Penticton is taking steps toward becoming recognized by the Province of B.C. as an age-friendly designated community. City Council has endorsed Penticton’s Age-Friendly Action Plan, which followed an extensive engagement process.
On May 4, 2021, Council directed staff to work with the Province and other community partners to prepare an application for the age-friendly designation. This page outlines the process so far, including recommended actions from the Age-Friendly Action Plan.
What is an Age-Friendly Community?
An age-friendly community is a place where older adults can live active, socially engaged and independent lives. Here in Penticton, we want to ensure people of all backgrounds, ages and abilities feel welcome and included.
Penticton’s Age-Friendly Action Plan aligns with these key elements, as identified by the World Health Organization (WHO).
- Outdoor spaces and public buildings pleasant, clean, secure and accessible.
- Public transportation is accessible and affordable.
- Housing is affordable and secure.
- Opportunities exist for social activities.
- Older adults are treated with respect and feel included.
- There are opportunities for employment and volunteering.
- Older adults have access to age-friendly information and communication.
- Community support and health services are tailored to an older adult's needs.
About Penticton's Age-Friendly Action Plan
The City received a $25,000 grant from the Union of BC Municipalities (UBCM) to prepare the plan. Staff worked with a project advisory group, consultant and the public through various engagement opportunities to complete an assessment of age-friendly features of the community, identify priorities and develop specific action items.
The action planning project was implemented over 5 months (September 2020 – January 2021), during the global COVID-19 pandemic. As a result, engagement used electronic tools such as video meetings, phone calls and the shapeyourcitypenticton.ca engagement platform, which had over 1,000 visits, resulting in 64 ideas and 28 images or links.
Major Areas of Focus
The following information was pulled from Penticton’s Age-Friendly Action Plan. Recommended actions are based on community priorities identified through the public engagement process, as well as evidence-based practice in alignment with healthy built environments/social environments viewed through an age-friendly lens.
The goal of interventions in the outdoor environment is to plan and design the built environment and public spaces with awareness of the needs of – and in consultation with – older people, recognizing their diversity.
To support aging in place, initiatives to create age-friendly outdoor environments focus on retrofitting existing neighbourhoods in addition to following good practice in the design of new neighbourhoods.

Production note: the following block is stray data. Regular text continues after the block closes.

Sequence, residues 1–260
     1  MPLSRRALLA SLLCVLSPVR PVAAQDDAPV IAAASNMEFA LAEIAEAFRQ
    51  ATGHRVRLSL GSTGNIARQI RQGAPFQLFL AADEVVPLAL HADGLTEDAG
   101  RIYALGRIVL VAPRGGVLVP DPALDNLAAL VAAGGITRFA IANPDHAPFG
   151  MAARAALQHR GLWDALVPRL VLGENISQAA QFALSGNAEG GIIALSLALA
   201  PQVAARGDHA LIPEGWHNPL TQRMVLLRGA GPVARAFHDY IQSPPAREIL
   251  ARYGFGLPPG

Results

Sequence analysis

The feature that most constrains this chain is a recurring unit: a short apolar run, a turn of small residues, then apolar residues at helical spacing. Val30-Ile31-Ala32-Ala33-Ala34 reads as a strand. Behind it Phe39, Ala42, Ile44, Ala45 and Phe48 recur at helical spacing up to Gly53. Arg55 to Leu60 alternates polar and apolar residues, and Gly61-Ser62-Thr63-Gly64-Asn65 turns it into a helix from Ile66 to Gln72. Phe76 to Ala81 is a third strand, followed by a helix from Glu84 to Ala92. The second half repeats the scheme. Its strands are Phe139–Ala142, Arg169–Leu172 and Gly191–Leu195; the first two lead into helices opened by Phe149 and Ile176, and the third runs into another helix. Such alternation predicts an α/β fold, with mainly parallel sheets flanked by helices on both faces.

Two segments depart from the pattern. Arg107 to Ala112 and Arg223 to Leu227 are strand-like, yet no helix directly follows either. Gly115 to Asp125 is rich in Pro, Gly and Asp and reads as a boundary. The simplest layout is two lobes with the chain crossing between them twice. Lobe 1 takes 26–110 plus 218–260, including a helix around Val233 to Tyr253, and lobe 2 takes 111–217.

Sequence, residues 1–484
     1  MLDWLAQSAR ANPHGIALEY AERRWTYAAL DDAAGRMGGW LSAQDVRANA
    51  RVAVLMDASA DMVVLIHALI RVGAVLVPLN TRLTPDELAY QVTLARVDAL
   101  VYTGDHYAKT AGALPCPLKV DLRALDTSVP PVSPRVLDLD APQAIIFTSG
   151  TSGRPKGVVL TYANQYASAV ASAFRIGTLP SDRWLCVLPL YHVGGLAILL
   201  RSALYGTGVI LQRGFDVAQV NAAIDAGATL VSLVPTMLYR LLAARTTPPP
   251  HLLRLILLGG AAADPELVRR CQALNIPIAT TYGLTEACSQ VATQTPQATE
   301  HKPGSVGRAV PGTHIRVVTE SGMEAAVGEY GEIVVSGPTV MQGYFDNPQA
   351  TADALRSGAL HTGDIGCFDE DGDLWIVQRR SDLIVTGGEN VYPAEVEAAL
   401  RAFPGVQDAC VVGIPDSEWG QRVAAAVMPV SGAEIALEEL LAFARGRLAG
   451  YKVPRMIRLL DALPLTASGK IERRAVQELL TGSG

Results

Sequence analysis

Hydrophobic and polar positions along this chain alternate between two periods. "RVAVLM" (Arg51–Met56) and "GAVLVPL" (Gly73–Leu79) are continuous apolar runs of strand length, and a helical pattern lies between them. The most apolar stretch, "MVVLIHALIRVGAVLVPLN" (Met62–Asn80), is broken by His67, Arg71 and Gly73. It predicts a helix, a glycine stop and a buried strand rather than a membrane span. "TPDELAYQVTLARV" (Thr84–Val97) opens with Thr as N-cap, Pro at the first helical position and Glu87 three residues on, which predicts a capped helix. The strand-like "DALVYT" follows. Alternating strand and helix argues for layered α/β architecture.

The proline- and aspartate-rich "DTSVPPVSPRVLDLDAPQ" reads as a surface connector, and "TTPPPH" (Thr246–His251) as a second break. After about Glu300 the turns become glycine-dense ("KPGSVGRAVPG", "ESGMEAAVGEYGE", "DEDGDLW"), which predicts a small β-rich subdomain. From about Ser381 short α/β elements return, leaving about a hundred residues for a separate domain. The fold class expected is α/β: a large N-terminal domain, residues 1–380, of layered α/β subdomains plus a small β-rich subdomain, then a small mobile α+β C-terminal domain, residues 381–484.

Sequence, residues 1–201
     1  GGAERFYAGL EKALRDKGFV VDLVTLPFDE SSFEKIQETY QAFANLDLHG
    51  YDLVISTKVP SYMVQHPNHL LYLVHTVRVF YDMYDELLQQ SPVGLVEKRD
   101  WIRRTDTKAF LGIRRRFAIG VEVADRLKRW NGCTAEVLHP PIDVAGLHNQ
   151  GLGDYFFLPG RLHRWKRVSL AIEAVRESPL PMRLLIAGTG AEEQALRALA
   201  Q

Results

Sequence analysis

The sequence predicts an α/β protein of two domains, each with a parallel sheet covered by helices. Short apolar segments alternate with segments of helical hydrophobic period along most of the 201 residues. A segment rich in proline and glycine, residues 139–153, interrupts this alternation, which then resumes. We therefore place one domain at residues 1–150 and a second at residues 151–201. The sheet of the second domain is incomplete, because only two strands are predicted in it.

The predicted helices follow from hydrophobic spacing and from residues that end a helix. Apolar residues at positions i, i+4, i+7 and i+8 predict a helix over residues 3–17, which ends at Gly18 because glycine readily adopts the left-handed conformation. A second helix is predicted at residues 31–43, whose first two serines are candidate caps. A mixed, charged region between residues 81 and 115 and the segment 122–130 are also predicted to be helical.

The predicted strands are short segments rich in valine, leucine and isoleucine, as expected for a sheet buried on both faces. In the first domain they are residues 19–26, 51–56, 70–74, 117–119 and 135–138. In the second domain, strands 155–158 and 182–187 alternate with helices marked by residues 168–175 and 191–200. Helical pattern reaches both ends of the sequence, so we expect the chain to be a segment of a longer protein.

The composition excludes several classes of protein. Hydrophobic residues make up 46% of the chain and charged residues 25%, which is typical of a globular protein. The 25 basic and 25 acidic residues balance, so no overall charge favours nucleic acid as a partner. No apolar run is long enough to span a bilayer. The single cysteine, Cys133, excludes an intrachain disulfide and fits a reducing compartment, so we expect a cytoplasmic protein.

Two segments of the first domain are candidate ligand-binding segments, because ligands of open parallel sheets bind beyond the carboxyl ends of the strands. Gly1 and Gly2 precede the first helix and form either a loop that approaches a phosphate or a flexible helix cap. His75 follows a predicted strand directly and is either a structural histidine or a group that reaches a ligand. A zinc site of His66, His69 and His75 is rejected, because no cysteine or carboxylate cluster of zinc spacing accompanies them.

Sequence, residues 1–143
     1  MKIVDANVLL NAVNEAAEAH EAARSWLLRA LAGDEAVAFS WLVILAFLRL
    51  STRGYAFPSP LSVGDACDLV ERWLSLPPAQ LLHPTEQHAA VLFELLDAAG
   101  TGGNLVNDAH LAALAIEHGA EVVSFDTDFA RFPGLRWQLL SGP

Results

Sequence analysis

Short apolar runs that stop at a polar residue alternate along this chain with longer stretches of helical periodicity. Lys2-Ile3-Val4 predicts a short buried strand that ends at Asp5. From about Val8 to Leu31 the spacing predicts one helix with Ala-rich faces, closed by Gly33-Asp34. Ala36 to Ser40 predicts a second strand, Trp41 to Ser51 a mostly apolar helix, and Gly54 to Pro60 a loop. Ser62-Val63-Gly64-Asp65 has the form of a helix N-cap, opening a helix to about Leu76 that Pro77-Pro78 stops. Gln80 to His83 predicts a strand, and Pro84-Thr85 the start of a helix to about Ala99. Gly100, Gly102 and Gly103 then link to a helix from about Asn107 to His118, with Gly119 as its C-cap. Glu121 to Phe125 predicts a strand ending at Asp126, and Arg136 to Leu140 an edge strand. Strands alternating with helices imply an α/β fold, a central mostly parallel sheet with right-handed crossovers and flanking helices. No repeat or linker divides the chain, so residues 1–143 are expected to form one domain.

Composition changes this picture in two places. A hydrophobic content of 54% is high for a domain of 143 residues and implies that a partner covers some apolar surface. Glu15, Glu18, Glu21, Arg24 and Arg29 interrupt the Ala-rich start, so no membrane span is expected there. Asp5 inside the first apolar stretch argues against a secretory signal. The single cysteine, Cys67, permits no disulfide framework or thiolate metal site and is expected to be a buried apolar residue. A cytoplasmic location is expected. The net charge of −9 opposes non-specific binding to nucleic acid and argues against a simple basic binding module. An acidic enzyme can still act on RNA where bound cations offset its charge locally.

- Principles of ‘universal design’ and ‘complete streets’ are included in Penticton’s Official Community Plan (OCP)
- Many accessible walking areas, including benches and sidewalks in core downtown areas and beaches
- Beautification improvements in the core downtown areas
- Seniors Drop-In Centre and planned park area improvements
Areas for Improvement
- Streetscapes, including lower curbs and alignment at crossings, and improved sidewalk/trail connections
- Public washrooms that are clean, accessible and open all year
- More greenspaces/linear parks along sidewalks/trails, with benches and shade (e.g., along the canal)
- Plan for retrofitting older neighbourhoods for accessibility (e.g., curb cuts, lighting)
- Incorporation of ramps and automatic doors for older businesses
- Annual community audit activity (e.g., participatory mapping) to get public support for identifying and improving problems associated with street crossings, lights, sidewalks, accessible buildings, and density of bus stops
- Development of a ‘business accessibility strategy’ in partnership with the business community
- Plan for expanding the availability of all-season public toilets
The goal of interventions focused on transport and mobility is to promote safe, accessible, appropriate and reliable transport services and infrastructure for active living. The aim is to enable people to maintain their mobility, independence and connections as they get older.
- Good downtown and beach area walkability
- Recent approval of the lake-to-lake bike lane
- Kneeling buses and HandyDART bus services
- Volunteer driver programs
Areas for Improvement
- More multi-use paths to support active transportation3
- Longer hours for bus service; improved regional bus service
- Improved on-demand transportation options (e.g., Uber)
- Review the Transportation Master Plan and strengthen the focus on aging and accessibility, including supports for active transportation
- Improve transportation between the Recreation Centre and the Senior’s Drop-In Centre (improved north-south connection)
- Create a map of accessible walking, biking and transit networks (e.g., local age and ability map book)
- Improve hours of bus service and consider making buses free for specific times/users
- Improve bus drop-off areas downtown and at the mall (Cherry Lane Mall)
- Expand on-demand transportation options (e.g., volunteer drivers, Uber, HandyDART)